“Roy Orbison remains a compelling figure in the long line of sounds from Texas. Roy dreamed as big as the Lone Star State and sang even bigger. And this book reminds us of the near incalculable impact he continues to have on music to the present day.”
A Love So Beautiful, Roy Orbison‘s recent collaboration with the Royal Philharmonic Orchestra, was the 9th best selling album released in 2017 in the UK! However, we know it didn’t include all of your favorites.
Comment on Facebook and tell us what song you would like to hear Roy sing with the orchestra on the next album!
The U.K. leg of the “In Dreams” tour, featuring a laser-projected Roy and a live band, has already sold over 70 percent of its tickets.
Two days ago, I watched Roy Orbisonrise from the ground onto the stage at the Rose Theater at Lincoln Center, donning a gray suit, a red Gibson guitar and his signature sunglasses. Supported by a live orchestra and conductor, Orbison performed his hit song “Only the Lonely,” an extravagant light show in the background balancing out his velvety voice and characteristically statuesque stage presence.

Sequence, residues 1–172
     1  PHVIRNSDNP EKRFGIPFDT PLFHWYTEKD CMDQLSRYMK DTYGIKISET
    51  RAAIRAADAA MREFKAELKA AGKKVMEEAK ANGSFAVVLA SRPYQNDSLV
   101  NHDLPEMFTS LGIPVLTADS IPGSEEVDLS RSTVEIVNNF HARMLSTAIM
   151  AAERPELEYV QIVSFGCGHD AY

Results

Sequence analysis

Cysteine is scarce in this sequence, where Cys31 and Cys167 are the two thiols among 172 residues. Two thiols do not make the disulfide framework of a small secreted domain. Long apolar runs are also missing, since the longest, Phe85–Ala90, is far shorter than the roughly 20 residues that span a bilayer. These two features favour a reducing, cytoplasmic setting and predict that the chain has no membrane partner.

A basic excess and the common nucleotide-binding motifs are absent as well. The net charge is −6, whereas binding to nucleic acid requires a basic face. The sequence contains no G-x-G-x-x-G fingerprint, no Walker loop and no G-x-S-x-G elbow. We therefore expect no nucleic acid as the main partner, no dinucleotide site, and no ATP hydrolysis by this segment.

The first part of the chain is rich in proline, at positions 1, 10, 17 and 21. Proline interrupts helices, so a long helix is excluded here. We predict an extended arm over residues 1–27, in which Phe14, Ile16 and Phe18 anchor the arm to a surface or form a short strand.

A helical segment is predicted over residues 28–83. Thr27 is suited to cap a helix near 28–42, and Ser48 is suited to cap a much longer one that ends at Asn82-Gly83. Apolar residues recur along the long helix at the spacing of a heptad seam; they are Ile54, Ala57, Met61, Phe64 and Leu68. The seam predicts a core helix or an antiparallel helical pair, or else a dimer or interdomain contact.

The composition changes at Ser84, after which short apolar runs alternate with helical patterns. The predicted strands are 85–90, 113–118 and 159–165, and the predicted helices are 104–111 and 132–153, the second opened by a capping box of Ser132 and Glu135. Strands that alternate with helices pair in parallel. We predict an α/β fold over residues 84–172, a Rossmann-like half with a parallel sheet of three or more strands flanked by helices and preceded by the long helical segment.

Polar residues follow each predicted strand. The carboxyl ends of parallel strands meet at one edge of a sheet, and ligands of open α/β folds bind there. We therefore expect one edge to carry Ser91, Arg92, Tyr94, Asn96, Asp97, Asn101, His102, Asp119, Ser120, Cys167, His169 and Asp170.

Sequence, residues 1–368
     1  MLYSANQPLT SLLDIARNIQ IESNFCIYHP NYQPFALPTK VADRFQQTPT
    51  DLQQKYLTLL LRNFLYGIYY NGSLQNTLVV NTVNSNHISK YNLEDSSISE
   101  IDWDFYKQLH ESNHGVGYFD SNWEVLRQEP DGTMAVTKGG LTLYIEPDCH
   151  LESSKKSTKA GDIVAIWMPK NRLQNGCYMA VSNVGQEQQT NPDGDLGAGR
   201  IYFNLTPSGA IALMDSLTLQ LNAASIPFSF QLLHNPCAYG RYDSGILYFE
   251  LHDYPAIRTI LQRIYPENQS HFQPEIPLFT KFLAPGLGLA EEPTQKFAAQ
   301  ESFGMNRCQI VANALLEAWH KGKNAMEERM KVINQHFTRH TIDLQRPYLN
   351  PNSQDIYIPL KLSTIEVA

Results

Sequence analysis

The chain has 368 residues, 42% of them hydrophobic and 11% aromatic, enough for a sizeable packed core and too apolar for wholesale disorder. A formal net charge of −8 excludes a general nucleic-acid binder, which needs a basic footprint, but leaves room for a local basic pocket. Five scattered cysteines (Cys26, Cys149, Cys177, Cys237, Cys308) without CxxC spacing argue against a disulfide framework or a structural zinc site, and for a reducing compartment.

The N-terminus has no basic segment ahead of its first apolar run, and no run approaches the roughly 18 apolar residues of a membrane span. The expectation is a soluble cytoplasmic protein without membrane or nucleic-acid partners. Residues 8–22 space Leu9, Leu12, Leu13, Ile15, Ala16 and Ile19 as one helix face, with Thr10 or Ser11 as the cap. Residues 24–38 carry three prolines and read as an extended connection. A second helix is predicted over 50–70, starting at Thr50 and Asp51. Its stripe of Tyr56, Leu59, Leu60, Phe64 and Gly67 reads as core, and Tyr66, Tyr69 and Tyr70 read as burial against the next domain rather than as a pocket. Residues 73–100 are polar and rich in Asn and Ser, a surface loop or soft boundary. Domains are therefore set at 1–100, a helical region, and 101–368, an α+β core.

At the end of the song, however, Orbison’s body disappeared abruptly from view, and a white, 8-by-15 laser grid took his place. The sound and lighting technicians at the back of the venue announced the end of dress rehearsal, signaling the orchestral musicians to take a break. What I tried to forget in the moment of the spectacle came rushing back to me: the Roy Orbison I just saw wasn’t actually real.
Regardless of your reaction — horrified, intrigued, confused, excited — this is what Base Entertainment, the second-largest producer of live shows in Las Vegas behind Cirque du Soleil, is betting on as the next frontier in live entertainment: holographic shows.
In collaboration with Orbison’s Estate — managed by the late singer’s sons under the name “Roy’s Boys” — a new subsidiary of Base Entertainment called Base Hologram is taking a virtual Orbison on an international tour with local symphony orchestras. The tour is titled “In Dreams,” named after Orbison’s hit single, and the hologram will make its first-ever public appearance at the APAP Conference this Sunday (Jan. 14).
Thanks to technology the Only The Lonely singer is about to perform again on a new world tour, 30 years after his death.